Twentieth Century Fox Film Corporation
Criss-cross! If you thought Gone Girl was Hitchcockian, wait till you see what the gang is up to next. According to Deadline, David Fincher will re-team with writer Gillian Flynn and actor Ben Affleck for a fresh, much-altered remake of Strangers on a Train. The 1951 classic, directed by Alfred Hitchcock, is about two men who meet and arrange a murder swap, although one of them wasn’t actually being serious about the idea. It was sort of already redone as the underrated 1987 comedy Throw Mama From the Train, directed by Danny De Vito. This next version, like the original to be an adaptation of Patricia Highsmith’s novel, will change things up almost as much. Instead of a famous tennis pro, Ben Affleck is filling the Farley Granger part as a movie star at the height of his career (with Oscar buzz!), who meets a stranger on a plane – or at least meets a stranger than accept a ride from him on his private plane.
The question is, will the title now be Strangers on a Plane (or Strangers Who Meet and Then Share a Ride in a Private Plane Owned by One of Them)? You can’t really keep the original title if there are no trains in the movie, right? Also, will it end at an amusement park with a big stunt involving a carousel? Will it feature the famous balloon popping by whoever plays the other guy? Who will play the other guy? Can it be Neil Patrick Harris? Please? And can Rosamund Pike briefly appear as Affleck’s wife? Emily Ratajkowski can play Ruth Roman’s role. There needs to be parts for Carrie Coon, Tyler Perry, Kim Dickens, Patrick Fugit, Casey Wilson and definitely Scoot McNairy, too. Full reunion, and almost too closely similar to the last collaboration of this bunch. But if it works once…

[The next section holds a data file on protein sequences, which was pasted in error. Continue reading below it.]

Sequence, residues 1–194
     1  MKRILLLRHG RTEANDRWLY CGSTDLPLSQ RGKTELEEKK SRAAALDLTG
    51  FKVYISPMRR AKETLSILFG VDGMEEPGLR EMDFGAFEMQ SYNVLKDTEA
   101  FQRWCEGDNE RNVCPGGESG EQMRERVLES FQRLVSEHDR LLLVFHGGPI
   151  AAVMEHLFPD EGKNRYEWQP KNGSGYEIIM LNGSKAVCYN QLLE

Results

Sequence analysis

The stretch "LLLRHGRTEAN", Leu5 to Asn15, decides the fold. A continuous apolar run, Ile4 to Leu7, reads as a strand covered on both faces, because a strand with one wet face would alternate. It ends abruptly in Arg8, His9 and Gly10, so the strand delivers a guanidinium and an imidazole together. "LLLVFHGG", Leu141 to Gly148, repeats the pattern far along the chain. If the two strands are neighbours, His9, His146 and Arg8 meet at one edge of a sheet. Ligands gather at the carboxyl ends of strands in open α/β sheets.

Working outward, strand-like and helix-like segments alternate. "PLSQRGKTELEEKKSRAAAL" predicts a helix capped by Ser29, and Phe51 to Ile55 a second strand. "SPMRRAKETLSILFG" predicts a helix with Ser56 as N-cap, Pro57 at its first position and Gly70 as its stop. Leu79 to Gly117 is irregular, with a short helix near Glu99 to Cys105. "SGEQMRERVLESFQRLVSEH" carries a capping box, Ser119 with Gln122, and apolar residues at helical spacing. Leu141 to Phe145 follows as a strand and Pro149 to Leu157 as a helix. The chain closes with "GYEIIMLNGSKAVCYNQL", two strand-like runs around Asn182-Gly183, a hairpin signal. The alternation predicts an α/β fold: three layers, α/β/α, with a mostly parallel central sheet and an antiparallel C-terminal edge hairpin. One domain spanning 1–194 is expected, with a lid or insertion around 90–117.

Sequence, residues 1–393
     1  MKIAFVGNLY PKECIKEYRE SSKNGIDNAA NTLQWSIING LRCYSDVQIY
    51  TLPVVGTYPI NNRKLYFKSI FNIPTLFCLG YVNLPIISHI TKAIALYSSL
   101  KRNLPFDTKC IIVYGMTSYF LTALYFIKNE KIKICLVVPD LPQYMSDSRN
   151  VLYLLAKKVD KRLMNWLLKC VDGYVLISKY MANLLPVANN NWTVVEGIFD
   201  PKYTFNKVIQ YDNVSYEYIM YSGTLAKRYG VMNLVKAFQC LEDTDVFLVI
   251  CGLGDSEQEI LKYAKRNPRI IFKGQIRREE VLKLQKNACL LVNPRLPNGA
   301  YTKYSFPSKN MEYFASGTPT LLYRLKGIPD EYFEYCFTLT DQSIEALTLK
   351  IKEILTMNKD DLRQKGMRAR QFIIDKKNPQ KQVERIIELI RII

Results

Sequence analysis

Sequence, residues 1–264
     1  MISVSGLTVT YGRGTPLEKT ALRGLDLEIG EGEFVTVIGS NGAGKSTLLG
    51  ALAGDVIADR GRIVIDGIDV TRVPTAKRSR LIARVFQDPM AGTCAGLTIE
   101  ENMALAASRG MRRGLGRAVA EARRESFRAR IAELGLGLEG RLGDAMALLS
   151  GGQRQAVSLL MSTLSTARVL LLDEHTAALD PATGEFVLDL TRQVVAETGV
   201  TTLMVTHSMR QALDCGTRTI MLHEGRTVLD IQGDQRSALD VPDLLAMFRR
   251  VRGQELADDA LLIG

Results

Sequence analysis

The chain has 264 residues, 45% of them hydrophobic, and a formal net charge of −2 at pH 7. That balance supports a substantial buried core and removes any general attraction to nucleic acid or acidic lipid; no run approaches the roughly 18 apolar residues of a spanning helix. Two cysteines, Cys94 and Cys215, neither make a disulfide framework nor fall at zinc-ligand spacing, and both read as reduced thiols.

As maybe our greatest thriller director since Hitchcock, Fincher is the right man for such a task, and I like that there’s enough altered that it might even look more like a Gone Girl remake than Strangers on a Train (or that Gone Girl sequel Flynn says could happen). Regarding the climax with the carousel, though, if the new version were to have something like it or something else of equal spectacle, I’d love for it to be something that goes down in the books as famously. Fincher’s digital effects mastery would have no trouble handling something of the sort today, but in its time that was one incredible practical set piece. I dare these guys to try and top it in a way that not only looks impressive but sounds impressive in its achievement. I also dare Affleck to give a good enough performance to warrant an Oscar nod, because you know the mainstream media would have fun joking about how Jennifer Garner better watch out.